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On a recent trip to Mexico City, I had the pleasure of participating in three events that really brought home the transformative power of the open data and open source eco-system that is becoming an ever more important element of our work in transport.
First I joined the Secretary of Mobility for Mexico City to inaugurate an open data-based system for alerting public transport users in this city of 8 million of any disruptions  to the city’s multimodal transport system consisting of an extensive metro system, a suburban rail line, 5 lines of the Metrobus Bus Rapid Transit system (BRT), an electric trolley system, as well as a substantial publicly operated bus system. The alert system was built using open-source software on an open standardized data set of schedules supported by the Bank last year (read more about that initiative  led by my colleague Catalina Ochoa). Not only does this service deliver value for Mexico City commuters immediately, but it also allows any other city that has its data organized in a similar standard GTFS (General Transit Feed Specification) format (over a 1,000 cities do) to use the same code developed for Mexico City off GitHub, a web registry. Moreover, the open standardized formats let developers in Mexico City or elsewhere build apps that use this information. The market for these applications is potentially global, spurring innovation for user-oriented applications in public transport: there are already many hundreds of GTFS based applications.
Together with my colleague Diego Canales (who wrote about transparency and open data in Sao Paulo ), I then participated in a workshop supported by ESMAP where we discussed the second phase of this open data effort with a range of Mexico City agencies. While the original and primary goal of the GTFS open data standard  was to present public transport service data (schedules and routes) in standard ways to allow for user oriented journey planners (Open Trip Planner  is a good example), standardized GTFS data sets can also be used to measure accessibility and allow for better urban planning.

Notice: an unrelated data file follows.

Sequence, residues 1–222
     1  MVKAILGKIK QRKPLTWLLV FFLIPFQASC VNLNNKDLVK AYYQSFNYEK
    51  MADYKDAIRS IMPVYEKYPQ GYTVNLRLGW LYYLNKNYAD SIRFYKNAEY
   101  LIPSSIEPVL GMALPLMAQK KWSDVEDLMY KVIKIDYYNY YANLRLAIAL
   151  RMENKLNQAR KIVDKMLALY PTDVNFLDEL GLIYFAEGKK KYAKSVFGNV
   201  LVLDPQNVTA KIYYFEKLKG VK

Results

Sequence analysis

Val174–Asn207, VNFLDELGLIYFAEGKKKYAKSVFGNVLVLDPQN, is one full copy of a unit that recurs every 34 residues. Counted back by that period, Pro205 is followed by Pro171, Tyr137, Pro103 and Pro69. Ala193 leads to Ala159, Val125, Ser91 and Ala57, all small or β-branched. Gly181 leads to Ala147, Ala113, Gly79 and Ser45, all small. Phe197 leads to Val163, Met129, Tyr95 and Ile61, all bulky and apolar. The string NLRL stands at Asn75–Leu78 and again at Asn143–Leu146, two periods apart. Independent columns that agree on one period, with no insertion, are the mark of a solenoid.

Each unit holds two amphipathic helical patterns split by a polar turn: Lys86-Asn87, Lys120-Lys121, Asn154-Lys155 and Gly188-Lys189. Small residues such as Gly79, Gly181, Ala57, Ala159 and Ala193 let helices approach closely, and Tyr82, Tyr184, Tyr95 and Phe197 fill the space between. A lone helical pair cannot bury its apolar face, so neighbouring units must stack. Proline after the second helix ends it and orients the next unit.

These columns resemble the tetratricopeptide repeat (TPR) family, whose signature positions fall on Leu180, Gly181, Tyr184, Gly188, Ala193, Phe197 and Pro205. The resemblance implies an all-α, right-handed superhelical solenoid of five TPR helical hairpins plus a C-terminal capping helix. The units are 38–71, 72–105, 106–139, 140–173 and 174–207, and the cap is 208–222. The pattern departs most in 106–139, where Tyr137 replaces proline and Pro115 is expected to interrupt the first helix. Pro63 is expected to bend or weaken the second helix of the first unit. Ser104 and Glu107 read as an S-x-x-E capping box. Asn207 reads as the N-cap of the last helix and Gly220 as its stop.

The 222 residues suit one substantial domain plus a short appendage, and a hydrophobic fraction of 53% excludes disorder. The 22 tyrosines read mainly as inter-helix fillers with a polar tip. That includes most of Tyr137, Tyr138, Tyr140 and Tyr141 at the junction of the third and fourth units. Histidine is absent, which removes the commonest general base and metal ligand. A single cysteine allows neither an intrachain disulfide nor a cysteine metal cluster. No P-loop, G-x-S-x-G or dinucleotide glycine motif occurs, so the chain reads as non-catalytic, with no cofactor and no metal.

For me, accessibility is a critical measure to understand the role mobility can play in cities to create better functioning urban job markets. By improving job accessibility, cities can reduce poverty and facilitate shared prosperity. The Figure below for example, developed by Kevin Webb and his colleagues who created an accessibility analysis tool using GTFS data, shows ease of access to jobs via public transport in Seattle. Measurements like this one can be easily produced using GTFS, job census and OpenTripPlanner data.
Finally, I had the pleasure to hear a presentation of Mexico’s digital strategy  which is well worth reading about for many reasons, but particularly for its focus on open data and open source. The digital office under the President takes the lead in ensuring that all digital efforts of the government result in open data made available in standard format and encourage the use of open source software, which is a big money saver for the government. The vision articulated by Jorge Soto, a special advisor at this office, was to create a future based on open data and open source, not only for transparency, but as a platform for innovation and creating value.
For me these three experiences nicely encapsulate all that makes open data so exciting – a combination of important transparency and open government benefits and sometimes serendipitous reuse that we can bet on to create innovation and value!
I hope to check back in a few months and report on the progress we are making on our open source tools, on the evolution of open data in Mexico and ideally on finding new users and new uses for these data and these tools.
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